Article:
Re: Why do some instruments transpose?
Posted by Tevye on 10/30/2019, 12:13 pm, in reply to "Why do some instruments transpose?"
All of the answers below are correct. Woodwinds transpose for the ease of the player. Brasses because of the history of natural horns and interchangeable crooks (and again for the ease of the player). But then you get to tuba, and that reasoning gets thrown out the window. Tuba players are just expected to learn different fingerings depending on what horn they're playing.
One other consideration is written ranges. If you notated a tenor sax, for example, in concert pitch, you would read a ton of ledger lines or have to switch clefs all the time. Bari sax players would have to learn bass clef. Same with Bb/Eb/bass clarinet. By transposing the written notation, the music stays mostly in the staff. Of course flute and tuba players just laugh at that idea.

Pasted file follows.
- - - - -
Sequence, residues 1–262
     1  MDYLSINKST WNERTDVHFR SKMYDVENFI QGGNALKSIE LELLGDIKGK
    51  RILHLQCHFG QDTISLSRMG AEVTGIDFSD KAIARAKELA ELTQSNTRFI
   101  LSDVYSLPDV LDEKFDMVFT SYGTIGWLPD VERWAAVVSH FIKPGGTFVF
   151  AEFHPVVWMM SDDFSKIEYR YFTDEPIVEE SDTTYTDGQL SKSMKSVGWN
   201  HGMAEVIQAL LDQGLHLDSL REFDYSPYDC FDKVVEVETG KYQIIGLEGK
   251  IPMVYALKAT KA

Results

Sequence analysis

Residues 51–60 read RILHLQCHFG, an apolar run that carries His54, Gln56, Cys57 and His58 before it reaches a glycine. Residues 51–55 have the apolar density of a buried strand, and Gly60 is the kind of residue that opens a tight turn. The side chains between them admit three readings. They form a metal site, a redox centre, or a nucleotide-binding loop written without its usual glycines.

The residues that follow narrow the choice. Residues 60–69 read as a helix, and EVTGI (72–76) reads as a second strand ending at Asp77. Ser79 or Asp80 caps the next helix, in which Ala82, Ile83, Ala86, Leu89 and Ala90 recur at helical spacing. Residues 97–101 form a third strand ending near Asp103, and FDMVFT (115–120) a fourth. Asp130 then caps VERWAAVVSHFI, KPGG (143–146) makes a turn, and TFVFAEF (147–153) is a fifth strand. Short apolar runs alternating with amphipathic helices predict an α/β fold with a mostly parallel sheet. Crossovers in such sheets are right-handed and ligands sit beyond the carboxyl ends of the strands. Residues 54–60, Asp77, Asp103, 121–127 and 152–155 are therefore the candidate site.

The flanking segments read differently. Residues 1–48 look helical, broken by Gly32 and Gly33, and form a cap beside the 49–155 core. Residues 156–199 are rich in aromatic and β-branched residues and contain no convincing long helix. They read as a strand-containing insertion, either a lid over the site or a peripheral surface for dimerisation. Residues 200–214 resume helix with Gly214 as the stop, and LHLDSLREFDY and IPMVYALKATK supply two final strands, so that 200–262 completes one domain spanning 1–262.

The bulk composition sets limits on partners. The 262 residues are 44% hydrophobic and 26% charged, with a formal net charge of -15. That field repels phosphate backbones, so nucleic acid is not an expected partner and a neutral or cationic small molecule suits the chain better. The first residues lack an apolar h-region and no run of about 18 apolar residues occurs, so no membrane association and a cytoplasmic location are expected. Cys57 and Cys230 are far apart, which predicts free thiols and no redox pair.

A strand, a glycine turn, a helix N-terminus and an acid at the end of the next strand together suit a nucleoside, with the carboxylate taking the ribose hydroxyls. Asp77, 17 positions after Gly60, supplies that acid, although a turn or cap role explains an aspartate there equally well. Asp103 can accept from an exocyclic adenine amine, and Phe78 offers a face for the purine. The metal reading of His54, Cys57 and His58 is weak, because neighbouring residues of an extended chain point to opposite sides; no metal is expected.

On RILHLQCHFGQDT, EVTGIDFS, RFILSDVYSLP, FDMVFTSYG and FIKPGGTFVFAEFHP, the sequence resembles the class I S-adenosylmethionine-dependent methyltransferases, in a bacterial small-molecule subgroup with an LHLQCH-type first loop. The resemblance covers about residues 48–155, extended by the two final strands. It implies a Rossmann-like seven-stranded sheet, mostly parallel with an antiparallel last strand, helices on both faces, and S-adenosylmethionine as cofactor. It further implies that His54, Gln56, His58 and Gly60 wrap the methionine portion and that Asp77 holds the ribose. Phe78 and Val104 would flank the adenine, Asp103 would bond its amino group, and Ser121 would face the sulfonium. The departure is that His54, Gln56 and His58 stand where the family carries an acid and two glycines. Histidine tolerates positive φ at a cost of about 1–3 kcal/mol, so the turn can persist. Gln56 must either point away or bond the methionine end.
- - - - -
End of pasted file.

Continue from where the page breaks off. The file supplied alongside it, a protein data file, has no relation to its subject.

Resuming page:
At this point, we do it this way because we've always done it this way. Even if there was a movement to transition everyone to reading concert pitch, you would have to deal with decades (centuries?) of printed sheet music that's already written in the traditional transpositions. Of course, if you go back too far, you start to find transpositions that we no longer use...Eb horns, Db piccolos, trumpets in D...